All Saints’ Day — And Why We Need It
It’s also a day we desperately need this year!
“This Ugly Year”
David Brooks, who is becoming the biblical prophet of our time, described “this ugly year” when “the nation’s moral capital is being decimated.”
Brooks defined “moral capital” as “the set of shared habits, norms, institutions and values that make common life possible.” He could not have been more true to scripture than when he confessed, “Left to our own, we human beings have an impressive capacity for selfishness…the struggle for power has a tendency to become barbaric.” As a result, “decent societies” develop “codes of politeness, humility and mutual respect that girdle selfishness and steer us toward reconciliation.”
Then Brooks named the painful truth.
“This year Trump…dismantled the codes of etiquette that prevent politics from becoming an unmodulated screaming match. By lying more or less all the time, he dismantles the fealty to truth without which conversation is impossible. By refusing to automatically respect the election results he corrodes confidence in our common institutions and risks turning public life into a never-ending dogfight.”
Brooks also points to the contributions the Clintons have made to the diminishing of our moral capital, though by his outrageous behavior, Trump has dragged us into the gutter of some of the darkest urges of our darkest selves and has made acceptable language and behavior that our “codes of politeness, humility and mutual respect” have previously constrained.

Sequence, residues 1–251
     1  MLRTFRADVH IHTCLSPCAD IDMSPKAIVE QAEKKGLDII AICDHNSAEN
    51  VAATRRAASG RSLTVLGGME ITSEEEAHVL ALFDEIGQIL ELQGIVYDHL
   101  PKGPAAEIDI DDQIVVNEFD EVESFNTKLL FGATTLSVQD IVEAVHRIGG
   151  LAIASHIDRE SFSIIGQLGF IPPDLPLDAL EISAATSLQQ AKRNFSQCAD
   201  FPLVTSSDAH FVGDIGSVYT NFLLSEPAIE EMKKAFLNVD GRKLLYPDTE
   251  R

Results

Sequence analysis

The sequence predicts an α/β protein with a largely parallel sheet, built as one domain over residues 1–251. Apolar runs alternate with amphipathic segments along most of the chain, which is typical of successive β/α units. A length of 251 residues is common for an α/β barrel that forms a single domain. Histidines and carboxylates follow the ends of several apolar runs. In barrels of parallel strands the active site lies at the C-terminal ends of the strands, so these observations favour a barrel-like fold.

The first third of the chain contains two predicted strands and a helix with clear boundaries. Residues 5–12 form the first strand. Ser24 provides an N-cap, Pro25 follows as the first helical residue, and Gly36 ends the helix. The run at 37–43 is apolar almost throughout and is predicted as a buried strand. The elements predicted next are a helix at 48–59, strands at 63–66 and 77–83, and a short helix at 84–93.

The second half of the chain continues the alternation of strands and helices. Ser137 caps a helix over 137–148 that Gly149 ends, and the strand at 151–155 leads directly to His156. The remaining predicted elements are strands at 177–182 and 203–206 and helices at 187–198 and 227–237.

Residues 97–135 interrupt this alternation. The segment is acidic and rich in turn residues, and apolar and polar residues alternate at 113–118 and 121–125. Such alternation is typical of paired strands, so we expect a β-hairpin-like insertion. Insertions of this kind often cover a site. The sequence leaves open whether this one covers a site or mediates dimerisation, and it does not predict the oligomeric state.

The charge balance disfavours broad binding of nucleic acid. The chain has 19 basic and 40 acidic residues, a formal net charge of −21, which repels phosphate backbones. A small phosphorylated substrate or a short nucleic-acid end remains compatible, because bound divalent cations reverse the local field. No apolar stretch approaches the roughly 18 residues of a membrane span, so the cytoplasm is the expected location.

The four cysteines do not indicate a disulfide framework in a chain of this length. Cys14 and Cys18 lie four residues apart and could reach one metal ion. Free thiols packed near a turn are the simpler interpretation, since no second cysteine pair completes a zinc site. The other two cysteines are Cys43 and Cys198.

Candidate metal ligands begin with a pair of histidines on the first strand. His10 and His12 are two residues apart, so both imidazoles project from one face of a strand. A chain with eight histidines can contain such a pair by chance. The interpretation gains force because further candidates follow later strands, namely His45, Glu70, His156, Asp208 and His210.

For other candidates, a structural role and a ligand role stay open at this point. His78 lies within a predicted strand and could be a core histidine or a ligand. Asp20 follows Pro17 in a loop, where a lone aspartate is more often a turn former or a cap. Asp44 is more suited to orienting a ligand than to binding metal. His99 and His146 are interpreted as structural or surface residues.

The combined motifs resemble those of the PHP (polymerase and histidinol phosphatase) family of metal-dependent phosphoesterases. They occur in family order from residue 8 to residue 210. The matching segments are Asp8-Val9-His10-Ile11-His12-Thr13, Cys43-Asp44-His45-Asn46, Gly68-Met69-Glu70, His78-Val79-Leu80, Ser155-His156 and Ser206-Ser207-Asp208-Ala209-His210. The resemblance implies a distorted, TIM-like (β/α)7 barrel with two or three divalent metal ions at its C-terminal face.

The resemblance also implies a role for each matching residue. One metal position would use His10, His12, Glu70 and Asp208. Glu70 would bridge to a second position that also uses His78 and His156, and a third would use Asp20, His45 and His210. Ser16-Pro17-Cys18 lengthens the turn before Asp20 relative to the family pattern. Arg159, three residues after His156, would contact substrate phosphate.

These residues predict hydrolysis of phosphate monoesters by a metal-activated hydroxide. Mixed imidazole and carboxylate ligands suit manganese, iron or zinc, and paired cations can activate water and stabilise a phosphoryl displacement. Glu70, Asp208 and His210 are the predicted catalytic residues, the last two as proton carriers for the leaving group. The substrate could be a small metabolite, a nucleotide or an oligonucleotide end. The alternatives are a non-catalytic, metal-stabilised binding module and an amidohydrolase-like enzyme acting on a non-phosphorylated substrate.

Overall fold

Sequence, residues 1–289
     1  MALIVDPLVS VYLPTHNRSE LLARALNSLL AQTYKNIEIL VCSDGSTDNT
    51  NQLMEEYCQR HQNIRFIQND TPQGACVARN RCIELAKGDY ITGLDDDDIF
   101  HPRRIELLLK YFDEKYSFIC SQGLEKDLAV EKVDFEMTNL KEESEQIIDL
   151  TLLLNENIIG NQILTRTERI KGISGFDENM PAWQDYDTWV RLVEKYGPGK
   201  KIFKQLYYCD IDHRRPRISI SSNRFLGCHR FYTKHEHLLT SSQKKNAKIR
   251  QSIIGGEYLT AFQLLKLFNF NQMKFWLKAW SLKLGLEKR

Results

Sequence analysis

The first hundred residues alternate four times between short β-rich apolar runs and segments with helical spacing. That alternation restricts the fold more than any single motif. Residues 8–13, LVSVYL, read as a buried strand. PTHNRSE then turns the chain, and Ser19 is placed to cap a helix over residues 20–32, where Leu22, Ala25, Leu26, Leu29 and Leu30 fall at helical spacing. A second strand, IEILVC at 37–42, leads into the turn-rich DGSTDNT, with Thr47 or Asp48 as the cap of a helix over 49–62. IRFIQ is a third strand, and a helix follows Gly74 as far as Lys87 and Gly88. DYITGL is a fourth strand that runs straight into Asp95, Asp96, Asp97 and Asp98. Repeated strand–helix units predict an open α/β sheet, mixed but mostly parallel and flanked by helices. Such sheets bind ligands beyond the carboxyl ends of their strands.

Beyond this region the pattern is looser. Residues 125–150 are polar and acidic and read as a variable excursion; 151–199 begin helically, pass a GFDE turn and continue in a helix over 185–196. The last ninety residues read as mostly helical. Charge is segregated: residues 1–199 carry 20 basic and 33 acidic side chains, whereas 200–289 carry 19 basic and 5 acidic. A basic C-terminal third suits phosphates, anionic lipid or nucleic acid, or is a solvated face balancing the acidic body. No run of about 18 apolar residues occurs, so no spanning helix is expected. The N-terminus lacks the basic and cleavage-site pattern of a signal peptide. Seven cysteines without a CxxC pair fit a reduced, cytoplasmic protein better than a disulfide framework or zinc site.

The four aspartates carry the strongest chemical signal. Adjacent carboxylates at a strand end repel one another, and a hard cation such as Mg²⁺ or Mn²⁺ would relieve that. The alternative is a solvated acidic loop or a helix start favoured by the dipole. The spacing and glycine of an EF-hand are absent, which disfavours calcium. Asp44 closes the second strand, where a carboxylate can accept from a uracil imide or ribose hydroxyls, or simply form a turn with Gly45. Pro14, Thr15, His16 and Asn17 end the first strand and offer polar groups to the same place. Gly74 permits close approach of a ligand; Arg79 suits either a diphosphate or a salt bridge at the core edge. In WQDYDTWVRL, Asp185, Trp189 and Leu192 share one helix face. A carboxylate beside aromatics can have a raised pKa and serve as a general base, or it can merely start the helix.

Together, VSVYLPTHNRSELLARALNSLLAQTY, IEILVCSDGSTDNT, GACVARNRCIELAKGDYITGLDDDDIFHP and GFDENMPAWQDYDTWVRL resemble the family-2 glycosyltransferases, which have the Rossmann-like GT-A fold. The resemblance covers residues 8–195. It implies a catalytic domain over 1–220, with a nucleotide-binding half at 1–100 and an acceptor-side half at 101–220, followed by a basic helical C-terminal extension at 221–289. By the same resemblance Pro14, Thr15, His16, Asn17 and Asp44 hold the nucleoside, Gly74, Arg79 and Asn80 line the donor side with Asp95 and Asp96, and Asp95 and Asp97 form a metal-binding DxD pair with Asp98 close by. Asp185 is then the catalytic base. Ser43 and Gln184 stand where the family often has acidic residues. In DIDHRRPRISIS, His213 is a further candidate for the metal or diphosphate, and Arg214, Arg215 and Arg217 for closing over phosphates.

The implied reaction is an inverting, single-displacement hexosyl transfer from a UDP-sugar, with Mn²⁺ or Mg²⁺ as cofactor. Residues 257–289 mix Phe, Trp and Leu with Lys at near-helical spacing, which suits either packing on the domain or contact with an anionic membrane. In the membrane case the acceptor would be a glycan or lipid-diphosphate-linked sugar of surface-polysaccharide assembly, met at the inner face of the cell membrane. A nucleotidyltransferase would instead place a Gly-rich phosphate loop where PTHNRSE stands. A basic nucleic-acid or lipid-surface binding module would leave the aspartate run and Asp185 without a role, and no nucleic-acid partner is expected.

Brooks called us to the “giant task of moral repair ahead of us.” He concluded,”The one nice thing about Trump is that he has prompted so many people to find their voice, and to turn from their revulsion to a higher alternative.” (You can read his entire article here.) Which brings us back to All Saints’ Day.
Our Need to Remember the Saints
We need to remember the saints because they show us that “a higher alternative” is possible for all of us. Emily Dickinson wrote:
We never know how high we are
Till we are called to rise;
And then, if we are true to plan,
Our statures touch the skies–
As a part of my personal spiritual discipline, I follow the Episcopal Church’s calendar of saints. It provides a brief description of each person along with related scripture and the prayer for the day. I am continually reminded of the way otherwise ordinary people have become extraordinary witnesses for Christ by facing the opportunities and challenges of their time as faithful followers of Jesus Christ. They remind us that it is possible to go higher, in Paul’s words, to “seek the things that are above.” In Colossians 3:1-17, describes what Christ-like “moral capital” looks like.
So, on this All Saints Day, may we hear them cheering us on as we follow Christ to a higher, holier, more loving way of life. As the children’s song says, “they were all of the saints of God, and I mean, God helping, to be one too.” (“I Sing a Song of the Saints of God”)
Grace and peace,